Landlord’s Permission to List Unit on Airbnb Ruled Irrelevant (and Illegal)

Joelle Kraft lived in a rent-controlled one bedroom unit in Venice, California.  She had an agreement with her original landlord that permitted her to list the premises on Airbnb:

This Agreement is in addition to the existing lease agreement between LANDLORD and TENANT.  This agreement is strictly a written permission allowing Tenant the ability to host Guest(s) through the website airbnb.com at the Tenant’s discretion without violating any Rental Lease Restrictions that may exist in the effective Lease Agreement between Landlord and Tenant . . ..

Turns out though that a subsequent landlord – Louise Chen – wasn’t so keen to the home-sharing idea, and filed an unlawful detainer action against Ms. Kraft in Santa Monica Trial Court.  Plaintiff-landlord alleged Ms. Kraft illegally sublet the unit by allowing subtenants and or short term renters to reside there, and sought summary judgment on the grounds Ms. Kraft was operating an illegal bed and breakfast or transient occupancy structure.

Judgment was entered in favor of the landlord, Ms. Chen, and Ms. Kraft, unrepresented by counsel, appealed.  Earlier this month the Superior Court, Appellate Division, affirmed.

Plaintiff’s unlawful detainer claim was based upon the theory of illegal purpose, provided for in both the California Code of Civil Procedure and Los Angeles’ Rent Stabilization Ordinance, which permits an action in situations where the tenant is using or permitting premises to be used for any illegal purpose.

Landlord provided evidence (including Ms. Kraft’s deposition testimony) that (i) the unit was located in a zoning area where short term rentals are prohibited, (ii) Ms. Kraft was operating a bed and breakfast and/or a transient occupancy residential structure, and (iii) her use of the premises in this matter was illegal and violated zoning restrictions contained in the Los Angeles Municipal Code.  The appellate court determined the landlord consent quoted above was not dispositive because it constituted an illegal contract in violation of existing regulations, and thus was void and unenforceable.

As a tenant (landlords too), it is important to be familiar with applicable zoning laws before engaging in what may be unconventional use of rental property.  If you feel the need to request a separate side agreement permitting certain usage of the property, that’s a pretty good sign that local law might have something to say about the conduct too.  As demonstrated here, agreements contained in privately negotiated contracts (i.e., leases or ancillary documents) can be rendered void by municipal prohibitions.

Furthermore, and perhaps more importantly, had a loss occurred here involving a home-sharing guest, I suspect potentially applicable insurance policies (landlord’s and/or tenant’s) may have excluded coverage for resulting claims in light of the illegal acts described here.  From a risk management perspective, it would be prudent for prospective landlords and tenants to examine potentially applicable insurance policies in addition to local zoning laws before entering into any private agreements.

Posted in Home Sharing, Litigation, Zoning
One comment on “Landlord’s Permission to List Unit on Airbnb Ruled Irrelevant (and Illegal)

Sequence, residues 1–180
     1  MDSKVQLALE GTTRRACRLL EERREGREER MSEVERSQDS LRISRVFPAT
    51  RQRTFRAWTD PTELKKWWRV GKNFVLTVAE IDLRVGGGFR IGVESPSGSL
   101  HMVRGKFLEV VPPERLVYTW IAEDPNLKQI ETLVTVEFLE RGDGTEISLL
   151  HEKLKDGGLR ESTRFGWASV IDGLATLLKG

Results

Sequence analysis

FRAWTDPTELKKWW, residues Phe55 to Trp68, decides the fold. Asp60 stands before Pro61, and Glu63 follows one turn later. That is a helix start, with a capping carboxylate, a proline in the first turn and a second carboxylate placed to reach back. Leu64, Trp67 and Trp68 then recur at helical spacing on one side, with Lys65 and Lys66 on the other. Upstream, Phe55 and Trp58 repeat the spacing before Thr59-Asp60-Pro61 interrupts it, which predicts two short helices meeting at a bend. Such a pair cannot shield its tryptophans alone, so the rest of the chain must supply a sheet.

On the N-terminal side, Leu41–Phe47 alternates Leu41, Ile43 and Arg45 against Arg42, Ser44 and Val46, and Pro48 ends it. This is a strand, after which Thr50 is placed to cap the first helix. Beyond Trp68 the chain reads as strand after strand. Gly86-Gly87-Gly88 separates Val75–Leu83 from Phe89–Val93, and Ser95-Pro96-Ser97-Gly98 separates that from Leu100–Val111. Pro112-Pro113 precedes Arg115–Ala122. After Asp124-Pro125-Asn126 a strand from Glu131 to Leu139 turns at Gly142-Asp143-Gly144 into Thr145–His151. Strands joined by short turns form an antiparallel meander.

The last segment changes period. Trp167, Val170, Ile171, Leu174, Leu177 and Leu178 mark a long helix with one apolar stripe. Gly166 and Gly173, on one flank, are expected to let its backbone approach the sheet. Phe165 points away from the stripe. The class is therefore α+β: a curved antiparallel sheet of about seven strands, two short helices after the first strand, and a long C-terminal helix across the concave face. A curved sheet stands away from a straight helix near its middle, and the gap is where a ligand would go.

1. What I do not understand hear is how those statutes apply to the tenant. Her lease was a month to month tenancy and the LARSO only requires that the tenant get permission to sublet from the owner. They do not restrict or govern the length of stays. The tenant was in compliance with the LARSO. 15109a)4) using the premises for any illegal purpose, this allows a landlord to bring an action based on a “theory”, a homeowner can only be prosecuted by the city attorney and they will not lose there home if they are found to be violating an ordinance. Why was this not redirected to the housing department. The court had no jurisdiction to act. If the tenant had been cited by the city before the landlord served the 3 day notice, maybe the tenant would have not continued. This was a private action by a citizen who is acting as a citing officer charging them with a crime and then taking the role of the city attorney prosecuting this person for committing a crime. Is this what the legislature intended when drafting 15109a4. Landlords no homeowners will not lose there home if they are cited or even prosecuted and found guilty. Hosting guests on arbnb does not admit a crime. This language does not say under 30 days. Airbnb gusts can stay longer than 30 days. And if they do then the landlord can charge more rent and that person becomes a tenant. How can you apply the restrictive residential R-1 laws to a multifamily building. The building is not allowed in that zone. The protections that the LARSO ordinance is supposed to give to tenants was precluded by the buildings illegality itself. It is impossible for Ms Chen to ever be in compliance with the zone because she has 4 family’s under one roof in a 1 family zone. The landlord was able to leverage the restrictive zoning laws and apply it to the tenants use of the premises The apartment building should not exist in that zone in the first place. The less restrictive zoning code that would have applied to this building if it were located were it can only be allowed to be located under the LAmc this use may not have been illegal and the tenants lease would not have been striped The tenants was prosecuted for an alleged violation of a zoning ordinance. There was no expert witness , a citing officer or complaint by neighbors or other tenants. There was only the landlords will to enforce public policy against a tenant who is legally residing at the premises who was current in rent was paying her taxes to the city had gotten written permission from the lanlord reguired by the LARSO and has been living and sharing her unit without any complaints or a single occurrence or incident that would prompt this kind of extreme and harsh punishment and who that tenant is very much a part of the class of people it I drafted to protect. The broad interpretation of the LARSO 15109a4 using the premises for any illegal purpose may allow zoning ordinances, however did the administration intend to give lanlord a the police power to enforce public policy against a tenant. The preservation of the neighborhood was far more important than the tenants right to occupy a unit in a building that Is not allowed to exist in that neighborhood. . (Illegal). The court ousted a purported scofflaw in the name of public policy. The landlord is now free to raise the rent or do Airbnb because it is perfectly legal under the LARSO as long as she complies with the allowable evictions, vacancy decontrol allows her to raise the rent after every stay. And they technically are not tenants until they stay over 30 days. However those legal rules under the LARSO can not be applied because the building is located in a R-1 zone. So she is allowed to break the law as long as she does not break the law. She has authority under the laws that only apply to this type of multi family building to evict a tenant by enforcing laws that govern the use of single family residence. That is the best of both worlds for the landlord. The tenant had no chance of even challenging the validity of the ordinance because the arena was an unlawful detainer. The court after accepting her theory of an alleged illegal purpose has to act in evicting. granted immediate possession to the lanlord. It was an administrative hearing to determine if a zoning violation was being committed and if the lanlord convinces the judge not jury to this fact then get back to what the real issue is possession. The court was in no position to act the want of jurisdiction by the lanlord over this matter being solely and wholly an administrative zoning matter needed to take it there first. I think that is what the lawmakers would have intended a lanlord or anyone else to do in this type of situation arises. Not to sanction a eviction without first seeking relief from the governing agency. Remenber there was no actual material citation or violation from the city. There was no reported activity from any other person or the public in regards to,that property or the use of the property for something other than living. This was initiated by a private party , a lanlord acting under the authority of,the LARSO to protect the public from alleged violation. The lanlord provided evidence that the building was in direct violation of the ordinance by being a multi family building in a r-1 zone. She provided a tax certificate that only proves that the tenant was paying her taxes. They were not evicting her for,that. And the testimony of her deposition was a leading question. ” so would you say that it is an arbnb , an Airbnb business isn’t it,” she answered yes. Who would not say that Airbnb is not a business. They are a internet based business named Airbnb.com and they are located in San Francisco ca, not in Venice . This is bullshit. No one gets evicted for paying their taxes or for sharing the space rented to them under contract. You can not do this without violating that persons rights to life liberty and the pursuit of happiness. The landlord can not bring a theory of a zoning violation without an actual violation from the city otherwise that individuals right to due process have been violated. Further more the tenants rights to peaceful enjoyment of the property have been violated by the landlord conducting this type of investigation without any reason to act. What has been accomplished by this. How has this eviction be justified. The preservation of the neighborhood outways the preservation of affordable housing cuts off a viable taxable income and effectively added to the homeless population. By not allowing a tenant to do something that we have been doing since the begining of American civilization. She used the premises as her home. Her only primary residence. That carried no wait at all. She was able to pay the rent. No consideration there, she was able to contribute to the community by paying taxes and she had been doing this for 3 years before the lanlord bought the building and never once was there a single incident or reported complaint. No nuisance. Does not matter. Everyone has to play by the rules or you have no right to a home. Unless you own it .